My daughter is due to take her Leaving Cert in June and is determined to do two things: attend Trinity and find a career involved in addressing climate change thanks to Greta Thunberg. I admire this passion – but do courses in this sector provide a good career path?
Every generation produces the dynamism and energy to recreate society and its values. In my youth, I remember watching Ruairí Quinn and Marian Finucane addressing crowds of fellow students from a window of a building on the corner of Hume Street, which they were defending against demolition. Both of these students later emerged as leaders in their own fields.
Within Trinity, its engineering, environment and emerging technologies (E3) project offers options that aim to empower students to find “balanced solutions for a better world”. The college says its E3 education is designed to give graduates the skills they need to create solutions that enable society to live sustainably and equitably.
There are two new E3 undergraduate degree courses that may be of interest to your daughter: the BSc/MAI MSc degree in environmental science and engineering, and the joint honours degree in computer science and geography.
The BSc/MAI MSc degree includes two foundation years of environmental science and engineering modules, followed by three years of specialisation (in either environmental science or environmental engineering) based on student preference.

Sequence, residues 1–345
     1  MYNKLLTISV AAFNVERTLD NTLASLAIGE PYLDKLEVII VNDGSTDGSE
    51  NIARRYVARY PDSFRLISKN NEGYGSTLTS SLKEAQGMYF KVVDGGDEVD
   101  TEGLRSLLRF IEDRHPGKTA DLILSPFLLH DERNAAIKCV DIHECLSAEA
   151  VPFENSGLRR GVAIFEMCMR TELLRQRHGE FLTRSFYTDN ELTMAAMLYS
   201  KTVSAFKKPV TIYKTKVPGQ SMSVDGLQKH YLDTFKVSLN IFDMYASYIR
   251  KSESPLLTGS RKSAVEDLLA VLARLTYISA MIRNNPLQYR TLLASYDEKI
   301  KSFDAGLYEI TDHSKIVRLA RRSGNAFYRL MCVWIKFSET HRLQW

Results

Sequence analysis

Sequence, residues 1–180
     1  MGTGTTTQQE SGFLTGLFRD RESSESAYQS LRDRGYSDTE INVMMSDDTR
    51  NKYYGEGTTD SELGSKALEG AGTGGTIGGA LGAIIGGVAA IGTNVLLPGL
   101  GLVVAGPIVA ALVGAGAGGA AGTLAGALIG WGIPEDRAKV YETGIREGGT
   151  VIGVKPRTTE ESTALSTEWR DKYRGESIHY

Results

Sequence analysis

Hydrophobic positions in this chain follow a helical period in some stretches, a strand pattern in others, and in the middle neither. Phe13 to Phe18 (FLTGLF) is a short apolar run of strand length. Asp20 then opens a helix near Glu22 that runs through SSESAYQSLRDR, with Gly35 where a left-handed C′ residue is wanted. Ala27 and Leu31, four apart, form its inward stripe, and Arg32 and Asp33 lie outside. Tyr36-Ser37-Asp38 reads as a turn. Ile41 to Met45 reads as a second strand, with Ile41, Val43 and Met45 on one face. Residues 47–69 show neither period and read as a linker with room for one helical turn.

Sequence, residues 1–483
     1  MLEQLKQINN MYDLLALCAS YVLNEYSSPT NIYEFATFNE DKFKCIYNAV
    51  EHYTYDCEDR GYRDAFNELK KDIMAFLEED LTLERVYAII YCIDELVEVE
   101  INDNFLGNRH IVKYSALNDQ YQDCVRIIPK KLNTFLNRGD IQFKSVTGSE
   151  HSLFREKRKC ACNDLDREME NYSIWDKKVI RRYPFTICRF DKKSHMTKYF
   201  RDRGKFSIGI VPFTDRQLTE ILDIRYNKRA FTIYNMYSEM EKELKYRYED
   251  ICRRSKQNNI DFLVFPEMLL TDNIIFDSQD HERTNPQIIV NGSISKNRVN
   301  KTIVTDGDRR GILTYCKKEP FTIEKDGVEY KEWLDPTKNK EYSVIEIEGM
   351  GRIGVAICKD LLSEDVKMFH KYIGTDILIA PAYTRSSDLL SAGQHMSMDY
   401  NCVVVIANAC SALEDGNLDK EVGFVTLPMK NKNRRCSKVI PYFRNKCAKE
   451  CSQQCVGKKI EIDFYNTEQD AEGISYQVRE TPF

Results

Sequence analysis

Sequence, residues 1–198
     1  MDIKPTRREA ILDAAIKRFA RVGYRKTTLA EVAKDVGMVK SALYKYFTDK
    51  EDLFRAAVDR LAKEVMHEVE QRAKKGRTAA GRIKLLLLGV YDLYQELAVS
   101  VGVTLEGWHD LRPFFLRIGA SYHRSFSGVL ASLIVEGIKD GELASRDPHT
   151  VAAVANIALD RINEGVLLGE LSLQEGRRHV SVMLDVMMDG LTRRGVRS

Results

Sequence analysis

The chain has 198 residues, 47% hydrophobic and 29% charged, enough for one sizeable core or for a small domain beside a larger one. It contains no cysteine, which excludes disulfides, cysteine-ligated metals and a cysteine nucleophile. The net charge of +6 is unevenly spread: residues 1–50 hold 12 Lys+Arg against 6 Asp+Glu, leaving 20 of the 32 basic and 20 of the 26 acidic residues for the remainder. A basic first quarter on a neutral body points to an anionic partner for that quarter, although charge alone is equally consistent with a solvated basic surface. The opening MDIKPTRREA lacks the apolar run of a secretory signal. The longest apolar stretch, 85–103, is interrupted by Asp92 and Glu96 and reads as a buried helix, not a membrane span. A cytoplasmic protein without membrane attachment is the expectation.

The computer science and geography joint honours degree is aimed at developing skills that enable students to address the increasingly important global issues of our time
Students complete an integrated five-year course consisting of a four-year BSc plus an additional year of study leading to either a master’s in engineering – specialising in environmental engineering – or a MSc in applied environmental science. Trinity says these skillsets will place students at the forefront of initiatives to develop solutions that address the UN’s sustainable development goals.
It seems likely that graduates will be attractive candidates for employment in both industrial and governmental organisations in Ireland as well as overseas. Recent graduates from the civil engineering stream who have specialised in environmental engineering are working in R&D, civil engineering and environmental consultancies and the energy sector. Many have set up new ventures and spin out companies of their own.
The computer science and geography joint honours degree is aimed at developing skills that enable students to address the increasingly important global issues of our time. Such skills include those in geographical information systems (GIS), which underpin decision-making in urban planning, land use planning and energy distribution, and remote sensing/earth observation, which include cutting edge techniques used to study and understand the impact of global change.
Graduates of computer science and geography will be well placed to develop the next generation of GIS and may also apply “big data” techniques to geographic data. For example, they may do so to predict flooding, model urban traffic, explain demographic change, or monitor long-term environmental change.
Graduates with these skills will therefore be at the heart of the design of our planet’s future smart and sustainable cities and societies.